along coastline in model from top to bottom: new Guggenheim museum (pile of blocks), new Louvre (domed top), new Center for Performing Arts (space ship looking thing), and the last square building on the bottom with curved interior area

So this was a bad description and not the best picture of all the buildings to be put on this island, but the architecture behind it all is pretty amazing. The one that impressed me the most is the design for the dome of the Louvre is amazing. They layer it with two domes, each with holes in them so it allows natural light in. Here is a computer rendering of what it is supposed to look like inside once the dome has been completed and the museum is open. I like how is kind of gives like a tree canopy effect, or that of a starlit sky. For those of you interested in seeing more about the developments on Saadiyat Island, i would recommend this website. They have pictures of all the buildings there with a lot of detail included. It's pretty astounding what they want to undertake and makes me definitely want to come back and see the finished product in a few years. All these projects are lined along the coastline, but in the center of the island, they plan to build another big project, which is the Sheik Zayed National Museum. The entrance is on the bottom of the picture there and the whole thing is underground, but those big crazy insect wing looking structures will be coming out of the ground and i assume let in natural light. The whole area is supposed to be very lush and green also, so it's almost like they stole a scene from Avatar or something. I am not sure if people will be allowed to go up into the wings or if there will be exhibits up there or anything, but it's neat looking. I don't know what kind of exhibits there will even be in there, but they gave me a book about this project before we left the hotel. On our way out, we also passed a gold ATM, which literally dispenses gold bars. You buy them by the ounce, and as you can guess, they are quite expensive. I don't remember the price in dirhams, but it converts to about $1504 per ounce, which is roughly the current market price in the USA for an ounce of gold. It's obviously a novelty and i have heard you can get gold for much cheaper in the gold souk in downtown dubai, but it was kind of a funny little thing to see. I actually saw on in Mall of the Emirates next to Ski Dubai also, but it wasn't functioning and didn't have any gold in it. This one almost looks like a vending machine, which may have been a more apt name for it than an ATM. You can see through a glass window area at a selection of the bars and coins they have to offer, make your purchase, and a gold bar drops out at the bottom.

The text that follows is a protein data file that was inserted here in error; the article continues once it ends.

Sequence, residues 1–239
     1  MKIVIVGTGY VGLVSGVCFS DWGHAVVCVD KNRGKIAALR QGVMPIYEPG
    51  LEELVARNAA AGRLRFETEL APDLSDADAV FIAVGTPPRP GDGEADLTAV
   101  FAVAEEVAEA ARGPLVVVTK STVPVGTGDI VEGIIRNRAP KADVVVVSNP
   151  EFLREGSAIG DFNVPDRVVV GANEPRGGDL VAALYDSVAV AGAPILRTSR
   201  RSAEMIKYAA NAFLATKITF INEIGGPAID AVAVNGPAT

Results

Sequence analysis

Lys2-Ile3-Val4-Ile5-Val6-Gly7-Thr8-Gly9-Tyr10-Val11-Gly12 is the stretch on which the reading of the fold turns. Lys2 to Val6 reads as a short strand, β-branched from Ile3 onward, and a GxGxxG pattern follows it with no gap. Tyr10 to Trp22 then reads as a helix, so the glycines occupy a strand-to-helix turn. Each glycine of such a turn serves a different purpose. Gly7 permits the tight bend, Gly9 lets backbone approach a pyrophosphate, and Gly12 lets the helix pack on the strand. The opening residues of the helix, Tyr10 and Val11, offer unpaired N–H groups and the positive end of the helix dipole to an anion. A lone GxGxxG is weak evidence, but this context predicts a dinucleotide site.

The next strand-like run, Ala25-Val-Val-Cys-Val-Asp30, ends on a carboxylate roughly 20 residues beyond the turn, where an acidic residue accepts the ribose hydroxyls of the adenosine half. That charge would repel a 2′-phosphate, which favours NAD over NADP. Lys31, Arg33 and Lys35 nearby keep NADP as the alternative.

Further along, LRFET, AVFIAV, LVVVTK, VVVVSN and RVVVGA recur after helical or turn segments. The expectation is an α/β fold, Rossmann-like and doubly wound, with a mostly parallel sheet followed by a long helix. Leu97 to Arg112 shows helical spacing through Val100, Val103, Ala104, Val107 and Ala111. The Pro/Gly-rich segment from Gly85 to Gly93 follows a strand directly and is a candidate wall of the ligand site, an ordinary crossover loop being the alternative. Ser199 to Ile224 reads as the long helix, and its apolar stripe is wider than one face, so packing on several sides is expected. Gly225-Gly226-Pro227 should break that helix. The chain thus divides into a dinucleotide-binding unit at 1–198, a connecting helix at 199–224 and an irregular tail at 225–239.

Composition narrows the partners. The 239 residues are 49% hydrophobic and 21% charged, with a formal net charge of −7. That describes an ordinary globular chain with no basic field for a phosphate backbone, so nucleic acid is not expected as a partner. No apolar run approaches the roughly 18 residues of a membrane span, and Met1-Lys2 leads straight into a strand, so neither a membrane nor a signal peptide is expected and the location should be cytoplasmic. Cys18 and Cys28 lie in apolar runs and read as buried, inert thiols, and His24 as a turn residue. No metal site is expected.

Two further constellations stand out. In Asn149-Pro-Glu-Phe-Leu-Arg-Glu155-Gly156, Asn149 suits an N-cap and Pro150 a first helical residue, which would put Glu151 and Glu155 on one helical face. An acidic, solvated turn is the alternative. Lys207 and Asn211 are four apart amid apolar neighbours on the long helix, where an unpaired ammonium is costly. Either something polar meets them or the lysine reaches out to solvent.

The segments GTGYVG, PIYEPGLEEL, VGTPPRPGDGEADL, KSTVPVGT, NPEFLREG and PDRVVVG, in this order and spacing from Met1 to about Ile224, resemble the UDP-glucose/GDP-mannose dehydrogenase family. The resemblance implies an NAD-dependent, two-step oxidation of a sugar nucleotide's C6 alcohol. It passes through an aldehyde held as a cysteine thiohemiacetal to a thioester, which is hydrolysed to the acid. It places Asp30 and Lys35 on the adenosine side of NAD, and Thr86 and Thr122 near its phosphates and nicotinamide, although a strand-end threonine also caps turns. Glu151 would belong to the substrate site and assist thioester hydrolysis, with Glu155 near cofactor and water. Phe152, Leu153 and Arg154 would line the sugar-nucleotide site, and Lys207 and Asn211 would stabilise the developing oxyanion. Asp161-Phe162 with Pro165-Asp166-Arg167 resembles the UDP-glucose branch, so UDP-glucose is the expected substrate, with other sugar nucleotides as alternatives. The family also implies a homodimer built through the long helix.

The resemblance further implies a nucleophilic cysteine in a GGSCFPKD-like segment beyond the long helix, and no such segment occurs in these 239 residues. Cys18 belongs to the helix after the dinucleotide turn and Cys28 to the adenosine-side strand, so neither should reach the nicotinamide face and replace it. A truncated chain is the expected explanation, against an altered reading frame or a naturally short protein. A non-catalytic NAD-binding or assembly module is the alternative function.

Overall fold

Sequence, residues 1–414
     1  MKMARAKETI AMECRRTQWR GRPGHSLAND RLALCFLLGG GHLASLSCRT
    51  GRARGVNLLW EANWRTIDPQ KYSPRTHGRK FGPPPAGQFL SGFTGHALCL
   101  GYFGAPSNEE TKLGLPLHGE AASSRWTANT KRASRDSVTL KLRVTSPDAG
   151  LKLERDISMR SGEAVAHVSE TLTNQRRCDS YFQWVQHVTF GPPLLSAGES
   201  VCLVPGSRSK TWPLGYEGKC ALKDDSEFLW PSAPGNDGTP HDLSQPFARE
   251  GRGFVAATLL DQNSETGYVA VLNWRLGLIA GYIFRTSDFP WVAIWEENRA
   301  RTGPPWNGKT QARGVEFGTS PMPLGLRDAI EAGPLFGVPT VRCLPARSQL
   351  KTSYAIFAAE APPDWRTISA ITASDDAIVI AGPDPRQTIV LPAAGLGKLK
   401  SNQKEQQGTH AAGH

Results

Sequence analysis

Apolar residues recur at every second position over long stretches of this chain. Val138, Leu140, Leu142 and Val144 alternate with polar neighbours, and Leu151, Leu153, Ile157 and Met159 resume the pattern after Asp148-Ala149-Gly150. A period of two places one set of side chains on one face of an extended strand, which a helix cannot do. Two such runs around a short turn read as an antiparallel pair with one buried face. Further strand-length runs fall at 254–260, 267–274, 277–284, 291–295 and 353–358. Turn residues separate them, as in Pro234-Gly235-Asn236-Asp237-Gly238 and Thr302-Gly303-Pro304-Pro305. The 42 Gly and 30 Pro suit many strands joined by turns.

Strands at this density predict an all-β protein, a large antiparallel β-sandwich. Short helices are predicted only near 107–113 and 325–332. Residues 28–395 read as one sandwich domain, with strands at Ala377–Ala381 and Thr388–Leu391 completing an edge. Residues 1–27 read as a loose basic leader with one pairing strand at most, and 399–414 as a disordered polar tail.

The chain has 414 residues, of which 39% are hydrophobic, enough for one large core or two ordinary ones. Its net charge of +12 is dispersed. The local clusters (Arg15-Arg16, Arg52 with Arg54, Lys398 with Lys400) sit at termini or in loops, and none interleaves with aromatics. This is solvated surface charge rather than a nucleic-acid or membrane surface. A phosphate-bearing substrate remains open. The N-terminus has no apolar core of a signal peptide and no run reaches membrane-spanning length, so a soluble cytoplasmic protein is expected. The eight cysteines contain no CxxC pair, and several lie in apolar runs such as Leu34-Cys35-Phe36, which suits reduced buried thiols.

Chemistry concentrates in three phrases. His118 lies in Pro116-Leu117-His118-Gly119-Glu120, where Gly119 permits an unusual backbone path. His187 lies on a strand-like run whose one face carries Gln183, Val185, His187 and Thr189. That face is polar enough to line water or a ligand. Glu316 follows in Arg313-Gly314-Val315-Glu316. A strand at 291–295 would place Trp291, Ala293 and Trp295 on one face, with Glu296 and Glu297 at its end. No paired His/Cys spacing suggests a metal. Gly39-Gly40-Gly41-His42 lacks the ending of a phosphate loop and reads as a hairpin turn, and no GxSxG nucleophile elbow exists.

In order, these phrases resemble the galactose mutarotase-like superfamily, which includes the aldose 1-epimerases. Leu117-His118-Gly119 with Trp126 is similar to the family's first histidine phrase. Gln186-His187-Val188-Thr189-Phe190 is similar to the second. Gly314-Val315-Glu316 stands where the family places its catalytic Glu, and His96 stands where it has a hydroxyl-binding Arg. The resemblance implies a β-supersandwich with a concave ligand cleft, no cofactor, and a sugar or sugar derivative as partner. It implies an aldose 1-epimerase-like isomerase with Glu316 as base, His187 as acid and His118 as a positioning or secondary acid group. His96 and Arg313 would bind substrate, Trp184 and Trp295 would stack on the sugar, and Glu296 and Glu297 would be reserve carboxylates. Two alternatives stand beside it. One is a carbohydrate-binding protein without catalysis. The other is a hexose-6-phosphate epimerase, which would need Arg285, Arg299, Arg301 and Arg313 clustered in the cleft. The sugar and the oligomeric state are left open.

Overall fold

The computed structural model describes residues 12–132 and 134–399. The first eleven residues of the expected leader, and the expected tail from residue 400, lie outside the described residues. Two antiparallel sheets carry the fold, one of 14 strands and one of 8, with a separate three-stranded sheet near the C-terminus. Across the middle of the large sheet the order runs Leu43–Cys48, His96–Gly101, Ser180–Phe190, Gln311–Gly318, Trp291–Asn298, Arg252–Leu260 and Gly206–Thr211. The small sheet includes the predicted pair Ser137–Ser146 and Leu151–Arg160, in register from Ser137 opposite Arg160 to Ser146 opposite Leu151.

After the Emirates Palace, we went to another hotel in downtown Abu Dhabi and went to the restaurant on the top called Cristal for lunch. It was pretty good stuff for a buffet style. They had good fish, which i usually never eat unless it's really good. At this point in our trip we were supposed to visit a city called Masdar outside of Abu Dhabi. It's being designed to be a completely sustainable city, generating it's own electricity from solar and wind power, and with an aim to be a zero emissions, zero carbon output city. It's just being built now, so it's not really up and running at full capacity at this time. Right now there is just a research center and dormatory area, but there is an idea that there will be homes, shopping centers, mosques, etc., all completely sustainable and green. The city will only be about a 5x5 kilometer area, or something like that. Not big. Our appointment was at 3:00, but we got bumped because apparently Hilary Clinton was in town and she takes priority over us. Our instructors were trying to get Masdar to let us come anyway and said they thought Hilary would love to meet a group from ASU while there since it would be good for publicity, but apparently that wasn't the case. Probably cuz Arizona is a red state. I could care less anyway. So instead of going to Masdar at 3:00, we postponed out appointment there and went back to the Zayed Mosque and Mosa took us inside.